Regularly inspect your Subaru’s undercarriage for signs of oil, transmission fluid, or coolant leaks. Address any leaks promptly to prevent damage and overheating.
A common place to look for leaks is around the oil cooler (I’ve had an oil cooler coolant line begin leaking on me and nearly overheating my Subaru.) You should also inspect any lines going into and out of the radiator. These fittings can eventually begin to loosen and cause a leak that might go undetected. Look for any sign of previously dried fluids that may have evaporated while the car was warm and then look for active leaks. I also like to check the valve cover gaskets as they can get old and dry which causes a good amount of oil loss.
8. Brake System Maintenance
Inspect your brake pads and rotors for wear and tear. Off-roading with larger tires can be tough on brakes, so it’s crucial to keep them in top condition for safety. Make sure to clean any debris out of the brake components after driving through mud, sand, and any other potentially damaging terrain. Follow the manufacturer’s guidelines for proper brake fluid changes.
Consider upgrading to high-performance brake components for improved off-road stopping power. A set of pads and rotors from a company like EBC may help give your brakes a more aggressive feel to help offset the bigger tires.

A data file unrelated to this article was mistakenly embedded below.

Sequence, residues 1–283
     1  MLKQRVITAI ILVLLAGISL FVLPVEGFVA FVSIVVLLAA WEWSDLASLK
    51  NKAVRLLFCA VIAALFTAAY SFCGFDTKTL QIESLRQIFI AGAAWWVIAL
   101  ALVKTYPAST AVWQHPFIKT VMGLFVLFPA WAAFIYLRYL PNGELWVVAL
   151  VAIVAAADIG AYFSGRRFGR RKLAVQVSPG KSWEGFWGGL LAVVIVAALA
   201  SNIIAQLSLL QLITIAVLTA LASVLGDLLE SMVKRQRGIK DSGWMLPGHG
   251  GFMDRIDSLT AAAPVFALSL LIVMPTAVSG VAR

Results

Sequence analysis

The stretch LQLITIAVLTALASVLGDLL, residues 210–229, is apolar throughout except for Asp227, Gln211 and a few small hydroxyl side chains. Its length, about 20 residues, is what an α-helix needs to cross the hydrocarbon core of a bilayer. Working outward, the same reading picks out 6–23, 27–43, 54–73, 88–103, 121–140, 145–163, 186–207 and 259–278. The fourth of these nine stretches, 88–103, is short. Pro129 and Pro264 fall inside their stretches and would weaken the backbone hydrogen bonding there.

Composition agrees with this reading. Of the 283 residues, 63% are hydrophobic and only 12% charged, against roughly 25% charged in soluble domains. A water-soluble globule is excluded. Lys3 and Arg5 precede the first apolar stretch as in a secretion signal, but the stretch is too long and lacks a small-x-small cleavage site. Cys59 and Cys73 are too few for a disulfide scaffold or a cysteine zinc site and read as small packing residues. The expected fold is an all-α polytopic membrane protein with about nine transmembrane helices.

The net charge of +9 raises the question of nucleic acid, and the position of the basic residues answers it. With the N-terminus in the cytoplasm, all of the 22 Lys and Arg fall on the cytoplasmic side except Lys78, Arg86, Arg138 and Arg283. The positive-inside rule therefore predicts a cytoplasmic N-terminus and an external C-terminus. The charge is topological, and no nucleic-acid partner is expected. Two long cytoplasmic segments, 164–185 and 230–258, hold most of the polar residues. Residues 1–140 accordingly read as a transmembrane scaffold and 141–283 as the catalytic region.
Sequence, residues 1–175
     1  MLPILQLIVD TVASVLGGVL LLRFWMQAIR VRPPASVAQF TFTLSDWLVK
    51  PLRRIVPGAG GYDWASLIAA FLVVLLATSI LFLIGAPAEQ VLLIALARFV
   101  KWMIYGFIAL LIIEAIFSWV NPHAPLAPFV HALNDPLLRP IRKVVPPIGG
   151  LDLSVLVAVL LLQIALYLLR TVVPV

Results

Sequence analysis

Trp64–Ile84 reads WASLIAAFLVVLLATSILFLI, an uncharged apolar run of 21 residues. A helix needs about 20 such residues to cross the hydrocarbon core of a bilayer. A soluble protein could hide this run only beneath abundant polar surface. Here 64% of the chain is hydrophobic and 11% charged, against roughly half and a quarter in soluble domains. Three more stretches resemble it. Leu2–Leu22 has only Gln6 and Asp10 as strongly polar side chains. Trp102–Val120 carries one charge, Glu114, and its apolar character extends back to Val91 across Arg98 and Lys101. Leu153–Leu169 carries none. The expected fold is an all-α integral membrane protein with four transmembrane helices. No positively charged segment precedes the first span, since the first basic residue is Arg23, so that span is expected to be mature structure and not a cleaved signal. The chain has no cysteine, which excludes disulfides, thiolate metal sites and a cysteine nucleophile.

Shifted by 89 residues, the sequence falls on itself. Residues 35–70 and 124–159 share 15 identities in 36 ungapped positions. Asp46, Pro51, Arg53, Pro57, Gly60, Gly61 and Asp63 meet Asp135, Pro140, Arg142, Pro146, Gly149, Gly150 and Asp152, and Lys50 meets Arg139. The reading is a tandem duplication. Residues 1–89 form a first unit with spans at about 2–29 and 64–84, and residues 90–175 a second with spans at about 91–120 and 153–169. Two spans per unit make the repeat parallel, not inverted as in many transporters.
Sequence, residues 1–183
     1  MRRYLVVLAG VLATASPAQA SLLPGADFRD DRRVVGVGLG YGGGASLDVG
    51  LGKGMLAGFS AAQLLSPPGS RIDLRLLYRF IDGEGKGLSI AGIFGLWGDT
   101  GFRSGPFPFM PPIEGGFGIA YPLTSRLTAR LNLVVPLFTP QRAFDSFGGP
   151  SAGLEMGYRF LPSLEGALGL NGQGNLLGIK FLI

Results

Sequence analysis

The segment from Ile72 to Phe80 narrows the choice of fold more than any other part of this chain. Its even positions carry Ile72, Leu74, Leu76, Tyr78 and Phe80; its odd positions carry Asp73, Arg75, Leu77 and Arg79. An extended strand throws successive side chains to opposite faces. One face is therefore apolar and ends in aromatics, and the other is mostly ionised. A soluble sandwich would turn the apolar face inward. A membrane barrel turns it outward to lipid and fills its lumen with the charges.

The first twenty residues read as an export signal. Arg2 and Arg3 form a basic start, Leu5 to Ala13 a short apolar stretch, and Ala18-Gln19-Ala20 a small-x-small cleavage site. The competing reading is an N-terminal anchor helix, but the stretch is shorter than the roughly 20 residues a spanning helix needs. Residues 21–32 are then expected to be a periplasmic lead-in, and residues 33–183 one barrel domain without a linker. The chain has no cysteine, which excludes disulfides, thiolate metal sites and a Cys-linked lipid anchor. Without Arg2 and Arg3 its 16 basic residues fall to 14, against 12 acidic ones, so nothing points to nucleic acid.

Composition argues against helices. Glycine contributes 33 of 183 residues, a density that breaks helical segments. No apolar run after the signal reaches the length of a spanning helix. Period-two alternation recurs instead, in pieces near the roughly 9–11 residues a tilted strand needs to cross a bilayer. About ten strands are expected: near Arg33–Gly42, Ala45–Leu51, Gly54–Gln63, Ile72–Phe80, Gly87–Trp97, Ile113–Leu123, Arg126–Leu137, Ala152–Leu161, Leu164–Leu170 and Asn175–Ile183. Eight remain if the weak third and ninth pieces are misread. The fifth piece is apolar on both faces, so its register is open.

9. Electrical And Wiring
Ensure that all electrical connections and wiring are well-protected from moisture, mud, and debris. I like to use dielectric grease on my electrical connectors to insulate them from water and to make sure each one can slide freely to get a strong connection. If you have missing splash guards, consider replacing them or getting skid plates to mitigate water exposure.
Regularly inspect your lighting, winch, and other electrical components to ensure they function properly. I always test my winch BEFORE I leave the house to head out for an off-road trip. It’s good to know if there is an issue before you are stuck in a bad situation.
10. Professional Inspections
Periodically have your car inspected by a professional mechanic or Subaru specialist. They can identify issues that may not be immediately apparent and recommend necessary repairs or adjustments.
I consider myself pretty knowledgeable regarding Subarus. I can fix most things myself and have performed many diagnoses and repairs on the trail. However, I still rely heavily on professionals when it comes to things I’m not familiar with and to make sure I’m keeping up on my maintenance. It’s kind of like visiting the doctor. It’s our job to care for our bodies and to be proactive. But sometimes it’s good to have a check up.
By following these maintenance tips, you can enjoy many years of off-road adventures with your lifted Subaru while minimizing the risk of unexpected breakdowns or costly repairs. Remember that proper maintenance not only ensures your safety and the safety of those around you, but also enhances the longevity and performance of your off-roader.
About The Author:
Ben is a Subaru enthusiast with almost 20 years of experience driving and modifying them. He installed his first lift kit on a Subaru in 2013 and has been driving and maintaining lifted Subies for a decade now. As a true enthusiast, he’s owned 18 Subarus and lifted five of them. In the spirit of community support, he’s helped many people lift their Subarus – new and older models.